Sergei Yakovenko's blog: on Math and Teaching

Friday, April 27, 2018

Lecture 3 (April 8, 2018)

Filed under: Calculus on manifolds course — Sergei Yakovenko @ 4:04
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Vector fields in open domains of \mathbb R^n

Ordinary differential equations, differential operators of the first order, local analysis and global consequences.


Sunday, March 25, 2018

Lecture 2. March 25, 2018

Differentiable maps

  • Definition of differentiability at a point. Maps f:U\to W between open subspaces of the Euclidean spaces U\subseteq \mathbb R^n,\ W\subseteq\mathbb R^m smooth on their domain.
  • Tangent spaces T_a U, tangent bundle TU=\bigcup_{a\in U}T_a U\simeq U\times\mathbb R^n.
  • Differential of a smooth map: \mathrm df:TU\to TW.
  • What is the derivative? (answer: exists only when n=m=1). Partial derivatives.
  • How do we define functions “having more than one derivative”?

Algebraic formalism:

  • Algebra C^\infty(U) of functions infinitely smooth in a domain U\subseteq\mathbb R^n
  • Pullback morphism of algebras f^*:C^\infty(W)\to C^\infty(U).

Vector fields: smooth maps v:U\to TU, such that v(a)\in T_a U.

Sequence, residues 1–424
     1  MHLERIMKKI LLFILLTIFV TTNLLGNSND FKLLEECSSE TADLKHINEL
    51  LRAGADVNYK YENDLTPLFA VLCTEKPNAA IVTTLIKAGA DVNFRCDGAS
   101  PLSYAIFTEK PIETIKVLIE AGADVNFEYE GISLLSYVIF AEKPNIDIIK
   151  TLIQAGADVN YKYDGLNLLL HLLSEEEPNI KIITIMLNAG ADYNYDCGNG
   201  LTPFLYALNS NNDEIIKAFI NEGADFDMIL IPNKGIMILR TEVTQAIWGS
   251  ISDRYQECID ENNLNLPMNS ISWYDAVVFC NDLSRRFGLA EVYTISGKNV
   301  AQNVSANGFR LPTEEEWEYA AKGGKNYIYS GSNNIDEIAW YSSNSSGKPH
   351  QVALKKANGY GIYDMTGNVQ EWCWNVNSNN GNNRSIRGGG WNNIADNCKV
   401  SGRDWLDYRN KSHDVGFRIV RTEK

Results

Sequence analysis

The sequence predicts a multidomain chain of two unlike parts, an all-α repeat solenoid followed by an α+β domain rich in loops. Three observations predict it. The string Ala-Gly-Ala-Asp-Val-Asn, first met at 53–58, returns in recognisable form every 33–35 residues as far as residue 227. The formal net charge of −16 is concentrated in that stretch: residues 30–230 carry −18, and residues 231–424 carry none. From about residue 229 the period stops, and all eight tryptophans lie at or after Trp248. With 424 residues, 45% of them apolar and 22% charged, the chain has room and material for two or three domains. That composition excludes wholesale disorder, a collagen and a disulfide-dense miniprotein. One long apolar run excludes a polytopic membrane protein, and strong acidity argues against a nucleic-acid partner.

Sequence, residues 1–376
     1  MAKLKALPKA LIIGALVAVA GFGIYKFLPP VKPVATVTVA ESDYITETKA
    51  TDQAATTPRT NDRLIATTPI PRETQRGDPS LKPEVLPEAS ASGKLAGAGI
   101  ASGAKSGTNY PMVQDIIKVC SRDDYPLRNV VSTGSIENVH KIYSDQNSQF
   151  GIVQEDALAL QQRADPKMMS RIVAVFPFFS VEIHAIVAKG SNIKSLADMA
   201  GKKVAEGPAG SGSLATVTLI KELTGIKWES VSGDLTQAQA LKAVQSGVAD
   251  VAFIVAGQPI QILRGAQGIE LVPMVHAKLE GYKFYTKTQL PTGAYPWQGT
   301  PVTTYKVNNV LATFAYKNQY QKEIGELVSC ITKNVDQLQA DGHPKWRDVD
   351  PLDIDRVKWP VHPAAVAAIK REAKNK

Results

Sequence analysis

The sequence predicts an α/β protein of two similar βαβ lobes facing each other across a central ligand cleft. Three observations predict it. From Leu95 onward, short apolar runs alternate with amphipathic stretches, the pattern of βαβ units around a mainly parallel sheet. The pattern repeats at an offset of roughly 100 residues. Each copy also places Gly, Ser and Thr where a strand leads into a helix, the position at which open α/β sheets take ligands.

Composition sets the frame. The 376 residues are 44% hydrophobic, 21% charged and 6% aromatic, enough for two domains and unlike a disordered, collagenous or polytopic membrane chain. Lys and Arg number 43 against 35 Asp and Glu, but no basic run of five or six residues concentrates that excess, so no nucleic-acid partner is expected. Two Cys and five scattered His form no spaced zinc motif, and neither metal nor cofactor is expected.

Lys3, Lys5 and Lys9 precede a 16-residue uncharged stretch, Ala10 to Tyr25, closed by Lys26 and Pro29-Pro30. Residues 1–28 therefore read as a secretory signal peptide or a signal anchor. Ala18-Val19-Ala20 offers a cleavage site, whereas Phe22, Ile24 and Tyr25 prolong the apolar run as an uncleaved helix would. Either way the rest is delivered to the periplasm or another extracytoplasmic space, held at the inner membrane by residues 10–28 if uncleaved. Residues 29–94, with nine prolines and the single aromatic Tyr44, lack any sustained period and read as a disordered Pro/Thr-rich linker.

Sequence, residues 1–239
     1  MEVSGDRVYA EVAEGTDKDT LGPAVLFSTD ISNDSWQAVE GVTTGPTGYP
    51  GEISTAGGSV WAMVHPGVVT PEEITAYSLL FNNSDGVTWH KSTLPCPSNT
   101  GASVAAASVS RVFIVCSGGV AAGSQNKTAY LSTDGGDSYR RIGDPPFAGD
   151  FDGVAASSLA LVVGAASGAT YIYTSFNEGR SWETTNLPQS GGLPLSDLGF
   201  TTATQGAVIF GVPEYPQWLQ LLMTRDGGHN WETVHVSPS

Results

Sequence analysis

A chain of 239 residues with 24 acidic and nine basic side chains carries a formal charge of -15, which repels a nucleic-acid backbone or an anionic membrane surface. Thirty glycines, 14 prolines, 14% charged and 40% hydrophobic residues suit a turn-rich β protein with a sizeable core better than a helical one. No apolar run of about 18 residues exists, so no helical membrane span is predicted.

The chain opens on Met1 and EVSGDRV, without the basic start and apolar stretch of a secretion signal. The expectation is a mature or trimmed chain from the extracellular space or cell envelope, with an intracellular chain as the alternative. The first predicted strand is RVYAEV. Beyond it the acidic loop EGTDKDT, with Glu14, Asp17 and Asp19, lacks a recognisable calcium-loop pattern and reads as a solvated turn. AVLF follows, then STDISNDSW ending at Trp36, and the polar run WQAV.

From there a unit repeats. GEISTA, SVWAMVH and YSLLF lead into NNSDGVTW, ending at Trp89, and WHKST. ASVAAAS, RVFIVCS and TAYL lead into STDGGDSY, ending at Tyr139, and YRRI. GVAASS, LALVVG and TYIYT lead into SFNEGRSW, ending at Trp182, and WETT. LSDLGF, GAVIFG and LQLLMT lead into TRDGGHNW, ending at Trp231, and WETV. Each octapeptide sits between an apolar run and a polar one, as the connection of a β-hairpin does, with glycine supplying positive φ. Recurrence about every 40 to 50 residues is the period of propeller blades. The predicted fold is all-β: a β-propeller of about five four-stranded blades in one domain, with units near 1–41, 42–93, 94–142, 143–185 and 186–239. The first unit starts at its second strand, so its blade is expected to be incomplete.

Lie (directional, flow) derivations L_v:C^\infty(U)\to C^\infty(U). The Leibniz rule (algebra) and its meaning (“Any Leibniz linear map of C^\infty(U) to itself is a Lie derivative along some vector field).
Commutator of two vector fields (to be discussed more in the future).
Push-forward of vector fields by smooth invertible maps.

Monday, December 12, 2016

Lecture 6, December 12, 2016

Exterior derivation

The differential \mathrm df of a smooth function f is in a sense container which conceals all directional derivatives L_Xf=\left\langle\mathrm df,X\right\rangle along all directions, and dependence on X is linear.

If we consider the directional Lie derivative L_X\omega for a form \omega\in\Omega^k(M) of degree k\ge 1, then simple computations show that L_{fX}\omega is no longer equal to f\cdot L_X\omega. However, one can “correct” the Lie derivative in such a way that the result will depend on X linearly. For instance, if \omega\in\Omega^1(M) and X is a vector field, we can define the form \eta_X\in\Omega^1(M) by the identity \eta_X=L_X\omega-\mathrm d\left\langle\omega,X\right\rangle and show that the 2-form \eta(X,Y)=\left\langle\eta_X,Y\right\rangle is indeed bilinear antisymmetric.

The 2-form \eta is called the exterior derivative of \omega and denoted \mathrm d\omega\in\Omega^2(M). The correspondence \mathrm d\colon\Omega^1(M)\to\Omega^2(M) is an \mathbb R-linear operator which satisfies the Leibniz rule \mathrm d(f\omega)=f\,\mathrm d\omega+(\mathrm df)\land \omega and \mathrm d^2 f=0 for any function f\in\Omega^0(M).

It turns out that this exterior derivation can be extended to all k-forms preserving the above properties and is a nice (algebraically) derivation of the graded exterior algebra \Omega^\bullet(M)=\bigoplus_{k=0}^n\Omega^k(M).

The lecture notes are available here.

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